In this section, we present a novel method for calculating the semantic similarity between proteins. First, we introduce basic background of the Gene Ontology. Then we describe the details of the graph kernel method.

### Gene ontology and gene ontology annotations

The GO project [1] maintains a dynamic, structured, precisely defined, and controlled vocabulary of terms for describing the properties of gene products across species. The GO consists of three different ontologies describing: 1) biological processes (BP), where a process often involves a chemical or physical transformation (e.g. cell growth); 2) molecular functions (MF), where functions are defined as the biochemical activity of gene products (e.g. enzymes); and 3) cellular components (CC), which refers to places in the cell where gene products are active (e.g. nuclear membrane). Each ontology is structured as a directed acyclic graph, where nodes (GO terms) are linked to each other through "is-a", "part-of" or "regulates" relationships. On the other hand, the annotation of gene products is the process of assigning ontology terms to gene products in order to describe their activities and localization. For example, the GOA project [2], at the European Bioinformatics Institute (EBI), aims to provide high-quality electronic and manual annotations to UniProt KnowledgeBase (UniProtKB) entries [19]. GOA annotations are obtained from strictly controlled methods, where every association is supported by a distinct evidence source. A protein can be annotated with multiple GO terms from any of the three ontologies in the GO. Functional annotations of UniProtKB proteins currently consist of over 32 million annotations, which cover more than 4 million proteins [2].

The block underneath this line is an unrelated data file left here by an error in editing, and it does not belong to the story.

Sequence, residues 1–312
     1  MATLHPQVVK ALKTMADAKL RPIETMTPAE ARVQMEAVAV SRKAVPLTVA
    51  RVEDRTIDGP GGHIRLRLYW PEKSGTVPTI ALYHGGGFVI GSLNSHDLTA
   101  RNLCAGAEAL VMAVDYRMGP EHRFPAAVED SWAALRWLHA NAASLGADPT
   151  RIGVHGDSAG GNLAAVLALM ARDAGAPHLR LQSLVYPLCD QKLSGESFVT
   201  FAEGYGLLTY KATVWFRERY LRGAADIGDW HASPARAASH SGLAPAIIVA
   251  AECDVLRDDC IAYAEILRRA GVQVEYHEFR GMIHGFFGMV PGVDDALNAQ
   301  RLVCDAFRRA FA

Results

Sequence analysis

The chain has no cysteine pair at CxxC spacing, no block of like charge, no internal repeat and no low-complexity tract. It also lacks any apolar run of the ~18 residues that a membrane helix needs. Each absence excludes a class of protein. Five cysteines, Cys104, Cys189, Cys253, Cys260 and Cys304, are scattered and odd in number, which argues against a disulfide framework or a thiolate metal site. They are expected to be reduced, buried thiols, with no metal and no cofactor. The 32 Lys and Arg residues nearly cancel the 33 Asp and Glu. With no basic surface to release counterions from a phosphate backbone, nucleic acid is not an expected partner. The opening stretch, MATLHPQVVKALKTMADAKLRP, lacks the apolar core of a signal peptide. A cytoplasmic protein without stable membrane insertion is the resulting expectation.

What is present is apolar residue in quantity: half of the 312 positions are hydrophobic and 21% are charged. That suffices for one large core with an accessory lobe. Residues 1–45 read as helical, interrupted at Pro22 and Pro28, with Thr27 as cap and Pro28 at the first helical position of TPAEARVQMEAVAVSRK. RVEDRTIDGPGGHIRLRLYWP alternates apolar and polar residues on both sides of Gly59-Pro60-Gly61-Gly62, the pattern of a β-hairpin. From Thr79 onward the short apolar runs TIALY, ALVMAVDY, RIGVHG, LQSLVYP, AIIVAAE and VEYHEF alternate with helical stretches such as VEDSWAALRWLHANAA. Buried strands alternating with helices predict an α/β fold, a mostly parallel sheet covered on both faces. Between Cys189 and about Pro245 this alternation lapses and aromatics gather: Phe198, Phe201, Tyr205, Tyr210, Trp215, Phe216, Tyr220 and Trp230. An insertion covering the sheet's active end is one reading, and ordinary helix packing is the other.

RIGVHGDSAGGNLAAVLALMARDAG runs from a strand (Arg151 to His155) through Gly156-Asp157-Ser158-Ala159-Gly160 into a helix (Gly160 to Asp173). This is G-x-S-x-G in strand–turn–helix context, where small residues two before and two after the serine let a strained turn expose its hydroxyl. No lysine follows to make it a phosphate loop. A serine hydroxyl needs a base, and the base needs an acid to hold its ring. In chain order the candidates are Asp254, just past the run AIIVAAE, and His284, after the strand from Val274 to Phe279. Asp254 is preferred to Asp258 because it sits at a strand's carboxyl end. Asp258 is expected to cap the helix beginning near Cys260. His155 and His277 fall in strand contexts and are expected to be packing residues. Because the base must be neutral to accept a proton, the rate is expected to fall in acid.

### Graph representation of proteins